There’s a legendary story about the band Van Halen and their tour rider with concert venues from the 1970’s and 80’s that has to do with brown M&M’s (the candy). Buried deep within the contract was a clause that they demanded to have M&M’s backstage, but that someone had to go through and pick out [...]

Following up on yesterday’s post, I’m currently reading a book called Discussion Based Online Teaching To Enhance Student Learning by Tisha Bender.  This year we’re adding a distance learning component to our immersion programs, and I’m educating myself as to how to do it effectively.  More on this later.  Bender relays a story on page 38 [...]

I first met Mors Kochanski in 1995 at his place in Alberta. Over the years we’ve stayed in touch and I’ve learned much from his sage advice. Recently at Woodsmoke we were chatting when someone complained about being kept up late the night before. Mors responded with several great lines I’ll never forget. I’m paraphrasing, [...]

These two quotations from “The Art Of Outdoor Living” jumped out at me because what they say about experiential education and a realistic assessment of skill through a practical exam apply directly to our new Journeyman Bushcraft Instructor & Wilderness Guide Certification Program. Scroll to the bottom for full bibliographic information. “The training and preparation [...]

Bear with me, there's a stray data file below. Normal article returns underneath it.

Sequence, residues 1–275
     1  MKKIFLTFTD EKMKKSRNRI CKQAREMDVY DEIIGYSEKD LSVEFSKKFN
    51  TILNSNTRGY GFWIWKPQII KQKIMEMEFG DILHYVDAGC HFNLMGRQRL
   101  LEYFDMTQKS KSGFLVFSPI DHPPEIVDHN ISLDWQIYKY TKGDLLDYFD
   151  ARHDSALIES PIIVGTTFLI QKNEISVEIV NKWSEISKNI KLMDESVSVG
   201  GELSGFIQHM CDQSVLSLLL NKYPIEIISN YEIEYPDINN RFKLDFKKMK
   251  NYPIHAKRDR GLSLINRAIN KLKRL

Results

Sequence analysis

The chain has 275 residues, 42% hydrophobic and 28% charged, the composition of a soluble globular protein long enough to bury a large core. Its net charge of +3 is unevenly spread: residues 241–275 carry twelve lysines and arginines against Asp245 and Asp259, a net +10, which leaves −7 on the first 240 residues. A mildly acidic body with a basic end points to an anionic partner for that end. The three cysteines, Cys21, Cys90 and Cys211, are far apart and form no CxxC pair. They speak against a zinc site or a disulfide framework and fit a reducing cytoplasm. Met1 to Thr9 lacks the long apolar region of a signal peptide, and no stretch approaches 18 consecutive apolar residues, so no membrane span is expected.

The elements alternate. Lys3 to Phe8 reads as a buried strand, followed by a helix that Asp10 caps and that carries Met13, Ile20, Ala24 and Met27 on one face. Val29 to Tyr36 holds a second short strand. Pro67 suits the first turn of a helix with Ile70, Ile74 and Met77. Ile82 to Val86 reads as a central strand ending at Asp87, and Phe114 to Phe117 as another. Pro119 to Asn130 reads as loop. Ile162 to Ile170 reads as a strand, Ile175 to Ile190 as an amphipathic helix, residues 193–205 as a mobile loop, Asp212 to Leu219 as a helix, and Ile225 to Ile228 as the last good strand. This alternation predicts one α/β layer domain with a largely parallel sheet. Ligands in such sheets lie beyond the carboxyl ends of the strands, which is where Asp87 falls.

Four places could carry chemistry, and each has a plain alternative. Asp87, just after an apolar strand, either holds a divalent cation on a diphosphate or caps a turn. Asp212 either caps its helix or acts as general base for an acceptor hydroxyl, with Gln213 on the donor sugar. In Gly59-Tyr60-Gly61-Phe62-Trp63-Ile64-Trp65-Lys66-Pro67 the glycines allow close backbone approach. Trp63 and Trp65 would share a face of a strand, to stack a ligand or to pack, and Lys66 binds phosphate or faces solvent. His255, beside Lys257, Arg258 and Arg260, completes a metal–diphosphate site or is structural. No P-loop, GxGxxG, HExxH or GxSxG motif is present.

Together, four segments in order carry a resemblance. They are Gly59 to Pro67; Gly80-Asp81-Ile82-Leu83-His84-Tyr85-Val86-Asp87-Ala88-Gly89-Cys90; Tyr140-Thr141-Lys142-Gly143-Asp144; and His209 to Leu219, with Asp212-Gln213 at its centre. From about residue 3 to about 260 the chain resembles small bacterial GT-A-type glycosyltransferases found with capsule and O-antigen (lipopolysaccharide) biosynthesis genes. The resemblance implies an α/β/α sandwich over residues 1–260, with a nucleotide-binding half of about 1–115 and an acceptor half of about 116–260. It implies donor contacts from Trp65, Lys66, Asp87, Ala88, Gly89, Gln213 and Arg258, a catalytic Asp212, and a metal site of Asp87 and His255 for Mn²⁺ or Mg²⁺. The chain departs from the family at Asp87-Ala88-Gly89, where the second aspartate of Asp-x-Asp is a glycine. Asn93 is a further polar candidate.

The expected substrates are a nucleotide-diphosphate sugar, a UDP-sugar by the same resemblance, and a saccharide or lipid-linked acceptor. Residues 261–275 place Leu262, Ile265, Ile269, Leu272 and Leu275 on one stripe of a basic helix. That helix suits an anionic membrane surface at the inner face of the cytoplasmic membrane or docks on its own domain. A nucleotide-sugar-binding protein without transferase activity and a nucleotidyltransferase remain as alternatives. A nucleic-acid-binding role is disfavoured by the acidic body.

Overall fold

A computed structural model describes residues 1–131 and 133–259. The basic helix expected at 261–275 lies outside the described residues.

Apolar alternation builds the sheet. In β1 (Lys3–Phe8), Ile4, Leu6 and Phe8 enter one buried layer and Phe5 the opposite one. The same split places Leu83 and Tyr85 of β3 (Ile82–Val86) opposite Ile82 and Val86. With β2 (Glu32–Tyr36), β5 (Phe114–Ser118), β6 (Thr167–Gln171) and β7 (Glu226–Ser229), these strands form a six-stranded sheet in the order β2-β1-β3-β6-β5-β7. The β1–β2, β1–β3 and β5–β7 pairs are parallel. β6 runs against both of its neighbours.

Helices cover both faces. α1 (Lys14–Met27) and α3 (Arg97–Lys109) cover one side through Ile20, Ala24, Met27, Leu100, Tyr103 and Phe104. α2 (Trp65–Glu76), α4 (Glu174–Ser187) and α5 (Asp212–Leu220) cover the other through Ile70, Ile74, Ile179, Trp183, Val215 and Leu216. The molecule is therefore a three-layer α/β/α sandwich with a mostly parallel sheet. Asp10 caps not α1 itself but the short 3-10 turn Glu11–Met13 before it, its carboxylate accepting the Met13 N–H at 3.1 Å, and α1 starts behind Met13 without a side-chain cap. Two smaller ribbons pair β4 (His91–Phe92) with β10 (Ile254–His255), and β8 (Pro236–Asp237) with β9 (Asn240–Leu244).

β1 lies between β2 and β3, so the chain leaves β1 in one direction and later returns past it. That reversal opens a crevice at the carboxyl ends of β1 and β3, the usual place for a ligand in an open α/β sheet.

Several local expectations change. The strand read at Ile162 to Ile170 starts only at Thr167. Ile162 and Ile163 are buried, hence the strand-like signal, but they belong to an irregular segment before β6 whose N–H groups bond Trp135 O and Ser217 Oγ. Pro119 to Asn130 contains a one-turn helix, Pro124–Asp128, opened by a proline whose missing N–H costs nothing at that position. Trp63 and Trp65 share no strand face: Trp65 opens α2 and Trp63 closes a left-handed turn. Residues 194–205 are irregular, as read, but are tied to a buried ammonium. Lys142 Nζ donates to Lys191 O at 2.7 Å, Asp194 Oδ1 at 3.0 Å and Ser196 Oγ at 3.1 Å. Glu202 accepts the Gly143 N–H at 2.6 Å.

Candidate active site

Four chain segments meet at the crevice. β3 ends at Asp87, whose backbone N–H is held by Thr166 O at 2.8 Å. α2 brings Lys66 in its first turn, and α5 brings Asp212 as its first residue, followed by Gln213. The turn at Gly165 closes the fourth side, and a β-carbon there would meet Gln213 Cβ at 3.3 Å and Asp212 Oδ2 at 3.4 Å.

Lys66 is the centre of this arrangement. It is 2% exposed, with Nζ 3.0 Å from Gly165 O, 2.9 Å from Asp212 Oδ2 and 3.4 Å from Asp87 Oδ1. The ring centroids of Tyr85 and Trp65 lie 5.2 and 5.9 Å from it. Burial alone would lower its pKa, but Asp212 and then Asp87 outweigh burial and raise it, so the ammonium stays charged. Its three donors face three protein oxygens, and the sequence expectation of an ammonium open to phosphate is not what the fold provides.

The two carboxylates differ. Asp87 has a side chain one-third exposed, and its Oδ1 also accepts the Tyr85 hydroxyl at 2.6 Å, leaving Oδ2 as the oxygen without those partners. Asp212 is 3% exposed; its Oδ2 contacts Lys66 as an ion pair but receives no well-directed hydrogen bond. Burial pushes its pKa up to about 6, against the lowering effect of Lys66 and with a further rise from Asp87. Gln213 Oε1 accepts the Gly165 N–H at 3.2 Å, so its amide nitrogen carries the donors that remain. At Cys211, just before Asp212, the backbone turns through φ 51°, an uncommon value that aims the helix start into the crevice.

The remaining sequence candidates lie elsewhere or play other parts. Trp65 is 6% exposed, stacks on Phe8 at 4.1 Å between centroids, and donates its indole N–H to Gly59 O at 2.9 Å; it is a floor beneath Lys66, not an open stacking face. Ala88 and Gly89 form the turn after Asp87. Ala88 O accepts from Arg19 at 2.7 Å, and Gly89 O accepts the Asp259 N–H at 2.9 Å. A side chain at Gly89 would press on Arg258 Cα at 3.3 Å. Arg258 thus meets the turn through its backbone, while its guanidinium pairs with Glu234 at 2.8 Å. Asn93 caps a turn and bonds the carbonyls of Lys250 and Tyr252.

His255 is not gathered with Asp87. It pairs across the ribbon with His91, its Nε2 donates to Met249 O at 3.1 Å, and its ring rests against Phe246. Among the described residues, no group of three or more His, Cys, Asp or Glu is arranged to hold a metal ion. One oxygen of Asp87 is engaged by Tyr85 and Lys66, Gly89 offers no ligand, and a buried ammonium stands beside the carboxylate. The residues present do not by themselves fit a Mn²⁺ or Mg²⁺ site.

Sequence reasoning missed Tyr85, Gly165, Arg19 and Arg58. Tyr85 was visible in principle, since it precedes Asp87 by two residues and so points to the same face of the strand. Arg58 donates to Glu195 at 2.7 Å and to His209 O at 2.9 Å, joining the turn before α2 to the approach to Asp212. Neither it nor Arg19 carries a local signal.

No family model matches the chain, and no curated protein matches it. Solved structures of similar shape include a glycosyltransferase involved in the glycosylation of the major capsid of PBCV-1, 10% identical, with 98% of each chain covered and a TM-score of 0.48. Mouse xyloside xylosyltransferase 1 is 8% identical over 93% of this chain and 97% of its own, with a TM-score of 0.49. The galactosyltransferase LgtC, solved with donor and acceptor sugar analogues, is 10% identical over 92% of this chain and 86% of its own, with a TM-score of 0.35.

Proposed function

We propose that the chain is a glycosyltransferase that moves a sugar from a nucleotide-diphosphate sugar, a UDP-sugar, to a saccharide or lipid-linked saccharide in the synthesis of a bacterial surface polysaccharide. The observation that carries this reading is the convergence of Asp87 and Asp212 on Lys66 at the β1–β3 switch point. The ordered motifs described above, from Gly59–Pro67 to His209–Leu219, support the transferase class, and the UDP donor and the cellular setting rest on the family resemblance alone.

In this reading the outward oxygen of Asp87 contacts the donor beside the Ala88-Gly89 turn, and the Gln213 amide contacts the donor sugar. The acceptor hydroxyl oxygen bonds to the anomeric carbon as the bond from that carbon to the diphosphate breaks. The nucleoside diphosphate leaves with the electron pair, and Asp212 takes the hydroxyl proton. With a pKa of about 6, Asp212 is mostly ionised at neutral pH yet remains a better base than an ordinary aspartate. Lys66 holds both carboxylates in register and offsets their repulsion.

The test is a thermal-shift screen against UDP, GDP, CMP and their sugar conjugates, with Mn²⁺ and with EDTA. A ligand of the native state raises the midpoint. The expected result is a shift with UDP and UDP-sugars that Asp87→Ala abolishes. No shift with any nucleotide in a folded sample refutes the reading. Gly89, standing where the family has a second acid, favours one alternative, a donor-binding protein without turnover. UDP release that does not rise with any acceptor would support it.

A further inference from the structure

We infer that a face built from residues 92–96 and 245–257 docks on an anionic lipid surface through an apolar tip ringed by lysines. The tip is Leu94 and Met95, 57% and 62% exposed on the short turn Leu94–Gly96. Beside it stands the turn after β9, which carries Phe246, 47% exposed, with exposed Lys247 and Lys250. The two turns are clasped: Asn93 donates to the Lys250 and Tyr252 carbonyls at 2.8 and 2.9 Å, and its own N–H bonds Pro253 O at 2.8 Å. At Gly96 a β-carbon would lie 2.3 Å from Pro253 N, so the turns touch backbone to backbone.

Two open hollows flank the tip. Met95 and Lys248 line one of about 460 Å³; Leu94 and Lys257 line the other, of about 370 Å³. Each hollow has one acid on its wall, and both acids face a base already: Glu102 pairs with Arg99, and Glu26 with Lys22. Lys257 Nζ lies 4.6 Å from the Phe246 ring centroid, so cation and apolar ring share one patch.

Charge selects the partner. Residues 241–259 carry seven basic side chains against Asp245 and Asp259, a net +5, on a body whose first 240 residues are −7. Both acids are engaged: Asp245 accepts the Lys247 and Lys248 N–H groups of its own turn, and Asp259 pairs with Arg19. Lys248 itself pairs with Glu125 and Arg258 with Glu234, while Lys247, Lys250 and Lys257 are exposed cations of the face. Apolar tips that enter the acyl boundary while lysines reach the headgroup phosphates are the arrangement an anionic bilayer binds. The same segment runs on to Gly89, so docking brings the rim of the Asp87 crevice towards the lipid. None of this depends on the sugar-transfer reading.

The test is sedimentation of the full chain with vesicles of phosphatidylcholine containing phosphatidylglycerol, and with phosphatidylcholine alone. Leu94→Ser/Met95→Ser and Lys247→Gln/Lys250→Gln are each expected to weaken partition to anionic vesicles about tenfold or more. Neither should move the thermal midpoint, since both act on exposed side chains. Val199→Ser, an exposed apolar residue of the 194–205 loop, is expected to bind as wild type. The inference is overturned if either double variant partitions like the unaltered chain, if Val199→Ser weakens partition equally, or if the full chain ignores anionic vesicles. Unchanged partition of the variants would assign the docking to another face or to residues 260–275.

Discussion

One of the new aspects we’re building into our Journeyman Certification Course are skill and craft benchmarks. It’s great to learn how to make new things. But, to attain even a basic skill level with them, they have to be completed a number of times. For example, on some of our courses students learn how [...]

It takes time to learn. For some things, this can be measured in minutes. For others, it’s measured in decades. When we become enamoured with something, we often want to shorten the learning time so we can get to the point where we’re respected for knowing it, where we’re the celebrated “expert”. So the temptation [...]

A lot of what we do in our bushcraft courses doesn’t look like formal education. The old-school image of a standing instructor lecturing to seated students taking notes is a rarity. We have no love affair with seat time, nor with the lecture format. You’re more likely to see a small group of people engaged [...]

If you eat a great meal at a restaurant, is the type of spatula the cook used responsible for the taste of the food? If you see a beautiful house, how important is the type of hammer the builder used to the final structure? If someone has a beautiful website, do you ask them what [...]